Hartside Pass is within the North Pennines Area of Outstanding Natural Beauty and as I sat on that wooden bench to contemplate the scenery I found myself agreeing with the smug claim. It’s no wonder so many poets and writers found their inspiration with the landscape in this part of the country. It is so peaceful and isolated that it’s hard to imagine people ever went up there for anything other than serenity and maybe to clear the voices in their head and put everything back into perspective. But as I look out from the summit’s viewpoint, what really impresses me about Hartside Pass is that it’s associated with this guy:

John Loudon McAdam (1756-1836)

McAdam was born in Ayr, Scotland and the word “tarmac” is named after him (for Tar McAdam) to honor his contribution to the field of road construction.  He is credited for designing the world’s first modern roads. McAdam was an engineer involved in the colliery and ironworks business. Sometime in the 1820s he was tasked by the Alston Turnpike Trust to build Hartside Pass to provide an efficient means of transporting products of the mining companies operating in the area. According to Craig David, McAdam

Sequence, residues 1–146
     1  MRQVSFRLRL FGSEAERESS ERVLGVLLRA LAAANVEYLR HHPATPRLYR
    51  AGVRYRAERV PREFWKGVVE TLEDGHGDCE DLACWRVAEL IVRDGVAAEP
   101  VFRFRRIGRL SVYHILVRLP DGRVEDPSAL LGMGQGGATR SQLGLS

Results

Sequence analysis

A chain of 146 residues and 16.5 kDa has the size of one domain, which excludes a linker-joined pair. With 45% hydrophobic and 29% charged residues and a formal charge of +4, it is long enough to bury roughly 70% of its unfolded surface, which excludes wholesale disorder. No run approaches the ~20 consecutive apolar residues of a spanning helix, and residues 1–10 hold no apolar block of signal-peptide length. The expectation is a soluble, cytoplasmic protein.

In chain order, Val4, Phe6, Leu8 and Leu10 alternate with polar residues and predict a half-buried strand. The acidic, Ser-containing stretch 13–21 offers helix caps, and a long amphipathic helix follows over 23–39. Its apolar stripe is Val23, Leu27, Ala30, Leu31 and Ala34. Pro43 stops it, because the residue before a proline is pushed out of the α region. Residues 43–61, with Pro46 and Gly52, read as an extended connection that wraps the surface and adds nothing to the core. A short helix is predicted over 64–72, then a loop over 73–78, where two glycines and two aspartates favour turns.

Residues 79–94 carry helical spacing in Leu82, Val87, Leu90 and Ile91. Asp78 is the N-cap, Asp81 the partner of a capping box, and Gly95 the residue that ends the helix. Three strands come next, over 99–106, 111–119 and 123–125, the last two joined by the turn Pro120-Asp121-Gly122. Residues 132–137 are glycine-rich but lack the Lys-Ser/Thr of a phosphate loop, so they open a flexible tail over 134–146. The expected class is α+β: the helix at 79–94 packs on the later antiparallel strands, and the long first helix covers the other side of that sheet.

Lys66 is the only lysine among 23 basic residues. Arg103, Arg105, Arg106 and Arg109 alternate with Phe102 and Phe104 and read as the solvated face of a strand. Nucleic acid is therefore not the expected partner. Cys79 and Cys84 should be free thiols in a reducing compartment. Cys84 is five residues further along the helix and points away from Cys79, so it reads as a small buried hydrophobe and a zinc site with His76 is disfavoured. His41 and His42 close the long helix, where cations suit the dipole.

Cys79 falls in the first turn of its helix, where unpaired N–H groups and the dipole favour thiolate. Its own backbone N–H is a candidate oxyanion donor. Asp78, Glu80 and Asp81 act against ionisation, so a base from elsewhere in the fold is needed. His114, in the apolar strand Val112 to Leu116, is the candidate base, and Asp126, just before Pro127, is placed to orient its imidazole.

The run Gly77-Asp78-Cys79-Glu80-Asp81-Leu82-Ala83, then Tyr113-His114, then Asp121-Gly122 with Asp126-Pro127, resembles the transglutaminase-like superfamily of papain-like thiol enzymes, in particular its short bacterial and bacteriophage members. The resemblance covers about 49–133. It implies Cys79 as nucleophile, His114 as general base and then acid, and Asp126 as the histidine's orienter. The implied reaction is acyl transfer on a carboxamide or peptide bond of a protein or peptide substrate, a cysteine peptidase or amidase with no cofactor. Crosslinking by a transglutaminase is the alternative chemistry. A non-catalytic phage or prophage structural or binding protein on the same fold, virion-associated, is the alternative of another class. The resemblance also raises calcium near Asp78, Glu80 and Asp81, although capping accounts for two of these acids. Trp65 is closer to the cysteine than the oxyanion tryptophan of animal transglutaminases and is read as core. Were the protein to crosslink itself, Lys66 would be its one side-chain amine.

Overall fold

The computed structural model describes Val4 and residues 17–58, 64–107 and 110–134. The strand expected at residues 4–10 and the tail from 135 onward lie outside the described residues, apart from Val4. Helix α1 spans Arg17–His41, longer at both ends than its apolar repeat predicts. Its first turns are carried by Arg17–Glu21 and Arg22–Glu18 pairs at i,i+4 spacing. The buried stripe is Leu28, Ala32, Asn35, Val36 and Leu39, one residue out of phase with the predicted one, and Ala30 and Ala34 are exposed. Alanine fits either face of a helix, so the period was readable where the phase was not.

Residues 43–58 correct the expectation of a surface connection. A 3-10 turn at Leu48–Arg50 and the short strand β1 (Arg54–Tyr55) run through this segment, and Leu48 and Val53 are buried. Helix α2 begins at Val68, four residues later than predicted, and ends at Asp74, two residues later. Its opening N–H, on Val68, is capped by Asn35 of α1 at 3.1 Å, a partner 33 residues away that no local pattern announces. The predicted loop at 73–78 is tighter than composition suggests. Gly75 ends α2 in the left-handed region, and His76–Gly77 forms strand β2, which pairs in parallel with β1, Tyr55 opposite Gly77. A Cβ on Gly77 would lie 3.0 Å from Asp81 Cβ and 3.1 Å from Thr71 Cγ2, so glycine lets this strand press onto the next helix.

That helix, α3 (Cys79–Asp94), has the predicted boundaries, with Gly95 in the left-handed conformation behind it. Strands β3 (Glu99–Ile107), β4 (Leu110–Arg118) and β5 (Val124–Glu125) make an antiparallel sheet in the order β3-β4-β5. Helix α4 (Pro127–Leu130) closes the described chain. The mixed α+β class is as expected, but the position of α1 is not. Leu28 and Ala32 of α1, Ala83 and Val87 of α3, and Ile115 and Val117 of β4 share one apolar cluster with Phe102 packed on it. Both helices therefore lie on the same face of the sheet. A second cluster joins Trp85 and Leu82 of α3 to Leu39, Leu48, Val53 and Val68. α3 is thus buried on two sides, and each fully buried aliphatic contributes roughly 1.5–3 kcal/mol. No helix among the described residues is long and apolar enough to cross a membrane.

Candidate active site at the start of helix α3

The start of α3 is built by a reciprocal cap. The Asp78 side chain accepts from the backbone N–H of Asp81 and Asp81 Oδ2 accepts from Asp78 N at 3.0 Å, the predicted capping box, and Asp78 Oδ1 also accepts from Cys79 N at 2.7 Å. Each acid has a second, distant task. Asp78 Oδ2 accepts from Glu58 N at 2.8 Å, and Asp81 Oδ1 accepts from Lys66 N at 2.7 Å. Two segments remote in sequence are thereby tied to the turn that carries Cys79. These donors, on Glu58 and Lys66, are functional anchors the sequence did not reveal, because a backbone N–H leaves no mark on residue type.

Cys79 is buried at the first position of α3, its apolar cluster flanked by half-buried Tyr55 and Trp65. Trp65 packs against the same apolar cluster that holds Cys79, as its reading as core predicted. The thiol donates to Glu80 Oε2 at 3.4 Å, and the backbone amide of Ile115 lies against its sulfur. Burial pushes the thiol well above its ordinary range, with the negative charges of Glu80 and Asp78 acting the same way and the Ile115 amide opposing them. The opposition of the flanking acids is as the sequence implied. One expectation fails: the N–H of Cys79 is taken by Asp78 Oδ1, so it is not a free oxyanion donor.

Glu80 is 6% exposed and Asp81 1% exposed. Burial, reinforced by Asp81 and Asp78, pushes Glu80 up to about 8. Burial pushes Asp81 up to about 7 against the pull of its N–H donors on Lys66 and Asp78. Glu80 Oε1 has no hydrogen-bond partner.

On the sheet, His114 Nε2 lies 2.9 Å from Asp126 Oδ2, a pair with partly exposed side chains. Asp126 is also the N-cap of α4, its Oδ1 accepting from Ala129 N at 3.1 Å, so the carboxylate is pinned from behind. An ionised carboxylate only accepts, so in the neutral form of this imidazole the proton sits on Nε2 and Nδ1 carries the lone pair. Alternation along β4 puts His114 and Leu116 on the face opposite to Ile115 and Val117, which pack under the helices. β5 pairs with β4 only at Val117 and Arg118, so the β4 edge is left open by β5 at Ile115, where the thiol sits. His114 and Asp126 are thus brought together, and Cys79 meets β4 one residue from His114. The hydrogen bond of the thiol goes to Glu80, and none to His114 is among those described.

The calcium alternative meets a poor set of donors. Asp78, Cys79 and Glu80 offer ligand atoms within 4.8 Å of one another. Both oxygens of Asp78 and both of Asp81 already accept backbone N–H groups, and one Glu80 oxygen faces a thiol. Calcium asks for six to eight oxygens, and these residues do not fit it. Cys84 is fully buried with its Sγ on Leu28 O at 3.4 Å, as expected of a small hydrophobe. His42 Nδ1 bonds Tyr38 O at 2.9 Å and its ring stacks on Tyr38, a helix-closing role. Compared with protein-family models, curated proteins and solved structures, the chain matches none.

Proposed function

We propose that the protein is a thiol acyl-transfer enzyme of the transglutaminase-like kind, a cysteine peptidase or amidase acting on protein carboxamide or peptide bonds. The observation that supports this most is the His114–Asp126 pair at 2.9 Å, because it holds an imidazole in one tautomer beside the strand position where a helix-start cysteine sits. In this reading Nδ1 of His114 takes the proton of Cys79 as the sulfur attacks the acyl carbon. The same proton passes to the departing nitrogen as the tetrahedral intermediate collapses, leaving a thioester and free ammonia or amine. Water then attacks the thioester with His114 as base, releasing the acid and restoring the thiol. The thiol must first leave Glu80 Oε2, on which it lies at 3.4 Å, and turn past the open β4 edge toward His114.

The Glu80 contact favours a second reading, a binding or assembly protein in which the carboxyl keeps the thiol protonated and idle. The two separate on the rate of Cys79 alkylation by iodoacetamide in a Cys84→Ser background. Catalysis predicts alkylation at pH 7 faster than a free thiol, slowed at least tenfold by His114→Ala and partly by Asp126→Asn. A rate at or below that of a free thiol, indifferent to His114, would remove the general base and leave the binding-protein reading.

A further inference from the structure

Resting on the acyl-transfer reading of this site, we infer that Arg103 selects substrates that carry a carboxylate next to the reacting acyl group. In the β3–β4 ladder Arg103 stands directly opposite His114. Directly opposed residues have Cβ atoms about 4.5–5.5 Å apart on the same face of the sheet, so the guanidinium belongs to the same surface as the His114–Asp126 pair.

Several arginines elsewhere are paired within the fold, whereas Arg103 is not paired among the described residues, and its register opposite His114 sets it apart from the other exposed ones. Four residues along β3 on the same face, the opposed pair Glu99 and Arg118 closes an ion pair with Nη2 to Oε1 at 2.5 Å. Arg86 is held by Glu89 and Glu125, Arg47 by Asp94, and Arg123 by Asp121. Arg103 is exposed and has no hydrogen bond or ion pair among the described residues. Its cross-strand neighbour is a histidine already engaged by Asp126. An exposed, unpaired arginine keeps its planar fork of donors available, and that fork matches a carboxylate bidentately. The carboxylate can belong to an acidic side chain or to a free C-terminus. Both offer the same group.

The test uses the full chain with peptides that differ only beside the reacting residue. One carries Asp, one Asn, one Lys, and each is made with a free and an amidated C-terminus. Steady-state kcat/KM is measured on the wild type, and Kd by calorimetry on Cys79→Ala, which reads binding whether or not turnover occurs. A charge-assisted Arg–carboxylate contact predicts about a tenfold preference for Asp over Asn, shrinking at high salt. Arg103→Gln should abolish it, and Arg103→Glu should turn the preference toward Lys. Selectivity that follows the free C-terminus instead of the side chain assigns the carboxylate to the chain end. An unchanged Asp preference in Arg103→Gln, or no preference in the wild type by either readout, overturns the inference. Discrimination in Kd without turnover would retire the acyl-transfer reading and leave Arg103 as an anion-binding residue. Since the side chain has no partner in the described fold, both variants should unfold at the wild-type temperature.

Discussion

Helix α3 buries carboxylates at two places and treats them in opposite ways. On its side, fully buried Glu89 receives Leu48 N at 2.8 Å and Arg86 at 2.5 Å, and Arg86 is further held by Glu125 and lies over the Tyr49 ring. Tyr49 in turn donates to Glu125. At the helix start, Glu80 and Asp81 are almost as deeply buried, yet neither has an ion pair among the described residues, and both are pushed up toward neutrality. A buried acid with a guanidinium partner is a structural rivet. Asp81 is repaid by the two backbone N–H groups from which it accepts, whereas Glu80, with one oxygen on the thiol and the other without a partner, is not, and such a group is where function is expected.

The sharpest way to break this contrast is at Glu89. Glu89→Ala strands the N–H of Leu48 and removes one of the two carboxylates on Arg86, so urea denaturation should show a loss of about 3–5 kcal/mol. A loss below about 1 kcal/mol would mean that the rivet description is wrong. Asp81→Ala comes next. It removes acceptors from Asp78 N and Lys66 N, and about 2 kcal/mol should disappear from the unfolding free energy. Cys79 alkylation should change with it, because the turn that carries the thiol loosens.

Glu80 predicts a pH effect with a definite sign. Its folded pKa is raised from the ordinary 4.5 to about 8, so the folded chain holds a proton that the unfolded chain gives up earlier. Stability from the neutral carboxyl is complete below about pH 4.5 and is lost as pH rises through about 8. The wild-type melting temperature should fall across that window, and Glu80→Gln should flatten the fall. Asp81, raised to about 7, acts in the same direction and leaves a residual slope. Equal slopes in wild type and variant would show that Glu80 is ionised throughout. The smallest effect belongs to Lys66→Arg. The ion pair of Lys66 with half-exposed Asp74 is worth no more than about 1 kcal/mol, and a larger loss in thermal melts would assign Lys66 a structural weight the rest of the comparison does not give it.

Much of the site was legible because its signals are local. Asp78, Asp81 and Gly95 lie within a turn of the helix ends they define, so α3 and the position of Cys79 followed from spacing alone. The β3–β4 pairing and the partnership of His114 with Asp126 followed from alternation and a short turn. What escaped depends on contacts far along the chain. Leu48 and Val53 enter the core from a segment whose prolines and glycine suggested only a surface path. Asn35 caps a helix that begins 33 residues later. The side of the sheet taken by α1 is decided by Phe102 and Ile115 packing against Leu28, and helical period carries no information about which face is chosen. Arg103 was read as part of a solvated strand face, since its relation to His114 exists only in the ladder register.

“discovered that massive foundations of rock upon rock were unnecessary, and asserted that native soil alone would support the road and traffic upon it, as long as it was covered by a road crust that would protect the soil underneath from water and wear.”

The method made roads a lot cheaper to build. There was still a need for surveying routes, but the actual labor could be performed by unskilled locals who’ll work for a pittance during their free time–when they are not working at the mines. Just see these charming guys here, lovingly and not at all condescendingly depicted bearing their exploitation with a grateful smile:

???????t

I bet they loved this.

Hartside is near the border between England and Scotland. Transport was difficult, unimproved until the 17th century because of the unstable relationship between the two countries, plus there were the border reivers.

So McAdam, a younger son of an impoverished baron, was responsible for the greatest advancement in road construction methods since the Roman times. The “macadam” principle is still utilized today for road maintenance, mostly with asphalting. Considering the unremitting rugged condition of the Pennines, Hartside Pass is a remarkable human achievement.

McAdam was undoubtedly a brilliant man, but as I look around from my spot at the summit to take in the harsh and poetic scenery, my thoughts are occupied by the  anonymous villagers depicted on the viewpoint sign. Their names are lost in history, their lives remain mostly untold, but the road they built is still here. I doubt they made much money for all their toil, but I give them a silent thanks before making my equally unnoticed but infinitely less significant journey back home.

References:

http://www.guardian.co.uk/travel/2012/may/05/bike-rides-cumbria

http://en.wikipedia.org/wiki/Macadam#cite_note-ColossusofRoads-11

http://en.wikipedia.org/wiki/John_Loudon_McAdam

http://www.strps.org.uk/page17.html

http://en.wikipedia.org/wiki/History_of_road_transport

http://www.strum.co.uk/palimps/macadam.htm